Rep. Bachmann On Dragging Undocumented Immigrants Onto Buses In Front Of Crying Children: "It Can Be Done"

December 06, 2011 11:29 am ET — Brian Powell

In an effort to define herself as the conservative candidate remaining in the GOP presidential primary race, Rep. Michele Bachmann (R-MN) took an especially hardline stance on immigration policy in a discussion with Fox News' Bill O'Reilly last night.

Bachmann deflected O'Reilly's concerns about the children of immigrants she would deport by fear-mongering about the imagined problem of "anchor babies." O'Reilly then pressed Bachmann on the humanitarian issue of mass deportations: "I'm just saying on a human basis, I don't think that — theory is one thing. Dragging people out, putting them on a bus with their children's crying can be quite something else." Her cold response was simply, "It can be done."

Bachmann went on to argue that the deportations are a consequence of breaking the law, and that as a "First World nation," it's our duty to send illegal immigrants packing.

O'REILLY: Look, if you pick up some guy in a car, and he's an illegal alien — he's got three kids at home — what are you gonna do, throw him and his kids on a bus the next day? Is that what you're gonna do? Can you imagine that?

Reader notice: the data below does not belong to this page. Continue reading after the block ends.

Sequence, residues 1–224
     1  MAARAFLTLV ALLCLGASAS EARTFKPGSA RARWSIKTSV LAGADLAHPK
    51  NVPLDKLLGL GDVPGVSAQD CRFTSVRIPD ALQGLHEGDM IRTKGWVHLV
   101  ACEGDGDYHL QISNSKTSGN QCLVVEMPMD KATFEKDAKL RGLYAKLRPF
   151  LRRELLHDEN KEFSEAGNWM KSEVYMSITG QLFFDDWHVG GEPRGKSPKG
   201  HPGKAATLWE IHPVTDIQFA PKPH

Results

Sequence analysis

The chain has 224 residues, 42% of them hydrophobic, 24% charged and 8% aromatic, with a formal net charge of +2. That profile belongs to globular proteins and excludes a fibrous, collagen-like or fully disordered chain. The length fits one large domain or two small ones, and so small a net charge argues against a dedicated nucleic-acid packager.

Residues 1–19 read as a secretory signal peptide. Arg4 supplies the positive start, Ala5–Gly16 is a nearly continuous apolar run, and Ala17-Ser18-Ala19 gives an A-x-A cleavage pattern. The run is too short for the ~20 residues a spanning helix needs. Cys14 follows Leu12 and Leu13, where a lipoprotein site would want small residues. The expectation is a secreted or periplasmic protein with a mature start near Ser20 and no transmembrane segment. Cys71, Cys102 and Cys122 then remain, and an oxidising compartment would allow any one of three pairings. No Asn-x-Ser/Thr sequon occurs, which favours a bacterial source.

BACHMANN: Well Bill, what we have to do is end the practice of anchor babies in the United States. That's when illegal aliens come in —

O'REILLY: You've got to pass a law for that.

BACHMANN: We've got to pass a law that will end that practice.

O'REILLY: All of them that are here now are going to be an enormous problem to deal with. Because there are a lot of people here who've been here for a lot of years. And if you're gonna start dragging them out of here, it's gonna be very, very difficult to do that.

BACHMANN: But remember they broke the law to get in here, there is a consequence —

O'REILLY: I'm not justifying it. I'm just saying on a human basis, I don't think that — theory is one thing. Dragging people out, putting them on a bus with their children's crying can be quite something else.

BACHMANN: It can be done. That's the thing, it can be done.

O'REILLY: It can be done, but at what cost?

Bachmann further fleshed out her policies on immigration with typical right-wing distortions of reality. She first cited columnist Mark Steyn, who wrote one glib line last week saying that "50 percent of Mexico's population has moved north of the border." Given that Mexico's total 2010 population was over 112 million people, Steyn was clearly using this number in a hyperbolic fit of sarcasm. Nevertheless, Bachmann tried to preach it to O'Reilly's audience as the gospel truth. She followed this up by referencing a statistic from the anti-immigrant hate group Federation for American Immigration Reform, which produced a study saying that illegal immigration costs the U.S. $113 billion a year. Critics have debunked their study, claiming their methodology was flawed and "vastly overstates the costs of illegal immigration."

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